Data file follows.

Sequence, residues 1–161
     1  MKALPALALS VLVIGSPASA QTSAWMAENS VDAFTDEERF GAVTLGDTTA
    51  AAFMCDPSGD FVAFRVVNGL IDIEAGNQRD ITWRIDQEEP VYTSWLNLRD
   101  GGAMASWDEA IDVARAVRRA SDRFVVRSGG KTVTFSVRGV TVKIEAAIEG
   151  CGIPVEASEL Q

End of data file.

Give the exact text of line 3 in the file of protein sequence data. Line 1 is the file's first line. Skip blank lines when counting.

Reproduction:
    51  AAFMCDPSGD FVAFRVVNGL IDIEAGNQRD ITWRIDQEEP VYTSWLNLRD